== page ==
So, if passive income is your objective, how do you become financially free in five years? This is one of my specialities using none of your own money or your own credit. Well, your year one objective would be to acquire one small apartment building that generates you at least a thousand dollars a month in cash flow. And it doesn't have to be a thousand dollars a month. Today we're going with a five-year plan. That thousand dollars a month might not kick in for five years. Once you have in your investors paid back, right? So, then year two to acquire another one that generates a thousand dollars a month. And then repeat, rinse and repeat. So, you do that year three, year four, year five. Now, if you get really good at generating investor capital and helping other people invest in real estate and helping them become financially free, then you can do it in a quicker timeframe too. You can maybe buy two apartments in a year, maybe even three. It all depends on how many other people that you're helping do the same thing because that's the game that you play in real estate. It's really difficult to buy an apartment building all by yourself, especially if you don't have any experience because when you're applying for a mortgage, and I mean they're big mortgages, the lenders looking at what experience do you have, who's your team, who's your power team? It's not all about you and who's going to manage it and who's going to do your books and who's going to property manage and how do I know that you know, what you're doing, you know, stuff like that. So, you have to be involved with a power team who's done it before and sometimes you start out by investing in someone else's deal and see what it takes to get them approved for a mortgage so that you can see what it takes so that you can start working on your own deals that way. So, instead of focusing on net worth that you need to accumulate, I suggest that you focus on the passive income that you need to generate. And like I said, from there, you don't have to retire, you don't have to sit back and do nothing because, for most entrepreneurs out there, that's not what they want and do.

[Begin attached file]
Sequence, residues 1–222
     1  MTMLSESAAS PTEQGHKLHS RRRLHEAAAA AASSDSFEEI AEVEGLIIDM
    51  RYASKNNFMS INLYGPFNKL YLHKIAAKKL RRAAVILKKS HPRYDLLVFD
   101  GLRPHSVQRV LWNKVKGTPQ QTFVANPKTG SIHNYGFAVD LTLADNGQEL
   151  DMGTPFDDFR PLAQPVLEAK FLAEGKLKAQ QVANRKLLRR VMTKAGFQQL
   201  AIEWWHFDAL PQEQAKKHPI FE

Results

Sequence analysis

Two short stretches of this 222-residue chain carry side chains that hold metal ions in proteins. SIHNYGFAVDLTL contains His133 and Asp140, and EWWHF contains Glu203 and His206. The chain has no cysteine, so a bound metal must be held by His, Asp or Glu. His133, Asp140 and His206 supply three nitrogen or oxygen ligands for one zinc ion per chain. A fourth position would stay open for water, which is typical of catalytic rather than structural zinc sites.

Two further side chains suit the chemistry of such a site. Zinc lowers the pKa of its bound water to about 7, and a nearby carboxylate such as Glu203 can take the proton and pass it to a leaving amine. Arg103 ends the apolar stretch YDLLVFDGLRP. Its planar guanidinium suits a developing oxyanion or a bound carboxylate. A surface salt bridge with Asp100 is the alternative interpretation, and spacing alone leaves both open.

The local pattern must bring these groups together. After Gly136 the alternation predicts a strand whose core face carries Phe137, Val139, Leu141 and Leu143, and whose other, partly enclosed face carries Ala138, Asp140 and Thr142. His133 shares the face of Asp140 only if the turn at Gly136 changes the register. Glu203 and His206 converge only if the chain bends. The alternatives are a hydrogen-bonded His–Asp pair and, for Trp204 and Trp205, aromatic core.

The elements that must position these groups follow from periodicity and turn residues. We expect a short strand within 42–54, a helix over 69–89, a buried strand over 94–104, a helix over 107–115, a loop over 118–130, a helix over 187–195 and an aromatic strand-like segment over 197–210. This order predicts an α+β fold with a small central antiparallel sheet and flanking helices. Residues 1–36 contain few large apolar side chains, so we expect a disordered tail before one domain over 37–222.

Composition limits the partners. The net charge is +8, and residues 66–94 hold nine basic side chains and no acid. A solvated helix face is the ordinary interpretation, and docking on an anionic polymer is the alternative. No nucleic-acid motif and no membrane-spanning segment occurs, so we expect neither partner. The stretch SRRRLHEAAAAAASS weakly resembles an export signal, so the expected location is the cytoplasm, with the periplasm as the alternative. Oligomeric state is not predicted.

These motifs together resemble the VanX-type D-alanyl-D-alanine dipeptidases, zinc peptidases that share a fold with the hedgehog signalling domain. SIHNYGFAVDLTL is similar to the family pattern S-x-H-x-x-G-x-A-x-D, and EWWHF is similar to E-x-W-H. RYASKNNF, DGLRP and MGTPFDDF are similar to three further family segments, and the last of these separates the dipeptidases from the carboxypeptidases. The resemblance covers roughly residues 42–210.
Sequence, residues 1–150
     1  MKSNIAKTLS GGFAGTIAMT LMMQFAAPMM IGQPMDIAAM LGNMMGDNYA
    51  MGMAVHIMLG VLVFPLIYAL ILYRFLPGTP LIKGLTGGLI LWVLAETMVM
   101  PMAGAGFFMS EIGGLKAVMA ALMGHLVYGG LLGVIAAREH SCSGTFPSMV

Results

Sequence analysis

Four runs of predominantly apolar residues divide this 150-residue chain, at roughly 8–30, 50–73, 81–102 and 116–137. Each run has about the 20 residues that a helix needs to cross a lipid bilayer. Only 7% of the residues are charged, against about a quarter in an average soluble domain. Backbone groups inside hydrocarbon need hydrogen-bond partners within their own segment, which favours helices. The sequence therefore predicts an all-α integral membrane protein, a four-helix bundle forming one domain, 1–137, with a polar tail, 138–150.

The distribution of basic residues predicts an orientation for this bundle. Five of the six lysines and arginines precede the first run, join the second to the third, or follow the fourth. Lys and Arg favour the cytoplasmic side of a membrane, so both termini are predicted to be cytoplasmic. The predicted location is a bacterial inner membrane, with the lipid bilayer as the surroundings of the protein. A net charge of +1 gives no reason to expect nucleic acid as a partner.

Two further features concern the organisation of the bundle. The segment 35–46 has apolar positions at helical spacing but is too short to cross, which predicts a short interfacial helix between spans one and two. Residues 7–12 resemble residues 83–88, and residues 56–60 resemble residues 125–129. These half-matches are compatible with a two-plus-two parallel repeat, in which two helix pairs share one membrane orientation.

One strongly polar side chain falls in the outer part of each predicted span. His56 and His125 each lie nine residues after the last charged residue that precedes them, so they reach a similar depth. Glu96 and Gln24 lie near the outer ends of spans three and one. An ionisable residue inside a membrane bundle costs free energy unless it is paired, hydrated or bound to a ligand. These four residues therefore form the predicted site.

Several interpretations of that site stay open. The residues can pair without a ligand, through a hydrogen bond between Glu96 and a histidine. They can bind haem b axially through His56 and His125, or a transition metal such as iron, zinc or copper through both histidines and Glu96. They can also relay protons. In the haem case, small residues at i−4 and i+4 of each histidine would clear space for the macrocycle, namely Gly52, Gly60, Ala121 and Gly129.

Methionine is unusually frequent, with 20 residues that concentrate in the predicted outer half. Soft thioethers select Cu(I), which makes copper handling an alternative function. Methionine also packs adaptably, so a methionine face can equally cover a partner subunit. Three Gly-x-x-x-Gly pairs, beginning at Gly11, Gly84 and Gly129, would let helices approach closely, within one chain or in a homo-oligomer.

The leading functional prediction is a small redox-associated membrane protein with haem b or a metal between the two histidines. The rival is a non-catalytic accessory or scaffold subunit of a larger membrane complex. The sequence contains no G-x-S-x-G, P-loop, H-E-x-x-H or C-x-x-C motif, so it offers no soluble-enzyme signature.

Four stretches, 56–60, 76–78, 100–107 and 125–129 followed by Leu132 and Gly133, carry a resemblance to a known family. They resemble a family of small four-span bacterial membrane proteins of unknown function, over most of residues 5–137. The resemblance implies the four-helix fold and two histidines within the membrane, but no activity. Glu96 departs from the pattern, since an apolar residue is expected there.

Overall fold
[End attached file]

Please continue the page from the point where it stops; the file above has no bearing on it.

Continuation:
Even a couple of weeks ago when we were playing the cashflow game myself and one of the mastermind members were partners and we had the lower income. I can't remember. I think we were a business manager, so we're kind of middle of the road. We weren't real high income, but we weren't a real low. We were the first ones to get out of the rat race. And both her and I went, “This is boring. We still want to play. Can we still play?” We were out, we actually landed. Generally, you go around the outside loop, outside of the rat race two or three times before you get all the businesses you need to buy to get your passive income created higher. But we actually landed on our dream the very first go around. So, with that, we were out of the rat race and the game was considered won, but we were bored. And you know what, that is the same thing when we decided to increase our lifestyle, we knew we wanted more, we wanted to affect more lives. We knew we wanted more first ourselves. And so, we just kept going and now we've got several businesses and we have several different ways that income's coming into our house. And I absolutely love that, you know if the real estate market's down like it is right now, we're not getting as much cash flow on our buildings. In some cases, we're feeding our buildings. And I'm going to talk about that in a little bit because I had a student asked me the other day, what are some of the worst-case scenarios that can happen in real estate? And you know, everything's not gravy. Absolutely. So, they want to know the downside. So, I'm going to cover that in a bit.

But anyway, I want to finish this part off first. So, think about how many doors it would take you to cover off your day to day expenses and don't make it your dream life right away. Just make it. What's the absolute minimum I could get by on, so I could live life more on my terms? Would that be two thousand dollars a month? Would that be three thousand dollars a month? Would that be five thousand dollars? Would it be ten? You don't have to cover every single base at the beginning. You don't have to think about while I want to make fifty thousand dollars a month in a year, chances are a little slim you'll make fifty thousand dollars a month in a year. Not impossible but slim depending on where you are I think mentally up here.

Okay, perfect. So, does anyone have any questions about the forty-year plan versus the five-year plan? Does that feel totally out of reach to you? What do you think you might need in your life to actually change that from a forty-year plan to a five-year plan? You know, there are definitely things that you need in your life. One to start with is a power team, people who have already done what you want to do, that's the key because that's how you can learn quicker to get your goals is by working with people who already have accomplished what you want to accomplish. So, like I said, start with start with how much money you need per month to just cover your bills. So, if you can just cover your bills, what is that? Then figure out how many doors you need to be able to cover those bills and then figure out a way to get them.